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What is the cleanest way to install updates?

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C5Longhorn
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(Last edited by C5Longhorn; 29th June 2014 at 11:15 PM.) Reason: added info.
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Default What is the cleanest way to install updates?

I'm fairly new to Android and the Nexus 7. I am unlocked, rooted, and have installed Ti Backup. I just recently received the OTA for 4.4.4 and installed it, and then manually loaded TWRP back and rerooted.

This doesn't seem like the cleanest install (maybe it's my OCD tendencies with hardware and software), so I'm wondering what is the best way to install Android updates? Should I reset to the factory image and then use Ti back up for all my apps? Is the way I proceeded just as good as other possible methods? My goal is to follow a plan that will support the 7 performing as best as possible.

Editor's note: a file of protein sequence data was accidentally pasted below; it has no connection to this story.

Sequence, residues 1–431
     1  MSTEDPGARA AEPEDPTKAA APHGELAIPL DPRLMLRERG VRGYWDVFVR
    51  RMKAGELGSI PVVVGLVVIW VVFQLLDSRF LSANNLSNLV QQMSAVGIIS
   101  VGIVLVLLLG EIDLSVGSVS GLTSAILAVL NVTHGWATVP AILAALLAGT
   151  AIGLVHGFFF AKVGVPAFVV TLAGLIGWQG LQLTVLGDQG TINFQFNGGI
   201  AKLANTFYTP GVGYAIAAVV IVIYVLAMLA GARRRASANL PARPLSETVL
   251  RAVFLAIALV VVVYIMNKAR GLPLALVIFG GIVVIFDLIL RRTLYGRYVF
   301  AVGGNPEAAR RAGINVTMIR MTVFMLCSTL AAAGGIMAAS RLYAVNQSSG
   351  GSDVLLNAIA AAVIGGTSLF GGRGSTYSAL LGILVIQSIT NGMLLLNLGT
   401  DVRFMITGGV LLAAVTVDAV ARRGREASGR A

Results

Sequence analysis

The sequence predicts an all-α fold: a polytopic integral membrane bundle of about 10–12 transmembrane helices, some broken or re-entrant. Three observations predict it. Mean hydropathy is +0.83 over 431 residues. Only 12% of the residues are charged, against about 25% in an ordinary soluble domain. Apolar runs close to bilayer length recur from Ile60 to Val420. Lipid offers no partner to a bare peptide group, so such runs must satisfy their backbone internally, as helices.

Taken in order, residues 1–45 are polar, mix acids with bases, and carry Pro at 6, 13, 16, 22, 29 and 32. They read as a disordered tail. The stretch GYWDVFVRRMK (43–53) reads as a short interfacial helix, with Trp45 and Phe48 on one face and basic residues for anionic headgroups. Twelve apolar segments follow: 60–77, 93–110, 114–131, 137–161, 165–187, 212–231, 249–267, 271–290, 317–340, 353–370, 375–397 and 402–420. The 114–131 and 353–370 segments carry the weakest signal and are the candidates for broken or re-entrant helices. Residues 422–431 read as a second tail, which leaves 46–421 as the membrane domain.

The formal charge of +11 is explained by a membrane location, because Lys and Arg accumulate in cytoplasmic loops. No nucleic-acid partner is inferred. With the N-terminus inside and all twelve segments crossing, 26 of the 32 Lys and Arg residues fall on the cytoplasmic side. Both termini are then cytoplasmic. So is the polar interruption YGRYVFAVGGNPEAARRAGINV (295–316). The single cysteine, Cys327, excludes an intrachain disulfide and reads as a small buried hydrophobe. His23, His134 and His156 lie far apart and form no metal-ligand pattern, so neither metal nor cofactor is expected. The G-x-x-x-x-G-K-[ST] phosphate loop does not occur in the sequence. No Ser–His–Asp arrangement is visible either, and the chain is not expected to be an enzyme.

Any info or opinions would be appreciated.

Thanks,

Rick
 
mdamaged
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Quote:
Originally Posted by C5Longhorn View Post
I'm fairly new to Android and the Nexus 7. I am unlocked, rooted, and have installed Ti Backup. I just recently received the OTA for 4.4.4 and installed it, and then manually loaded TWRP back and rerooted.

This doesn't seem like the cleanest install (maybe it's my OCD tendencies with hardware and software), so I'm wondering what is the best way to install Android updates? Should I reset to the factory image and then use Ti back up for all my apps? Is the way I proceeded just as good as other possible methods? My goal is to follow a plan that will support the 7 performing as best as possible.

Any info or opinions would be appreciated.

Thanks,

Rick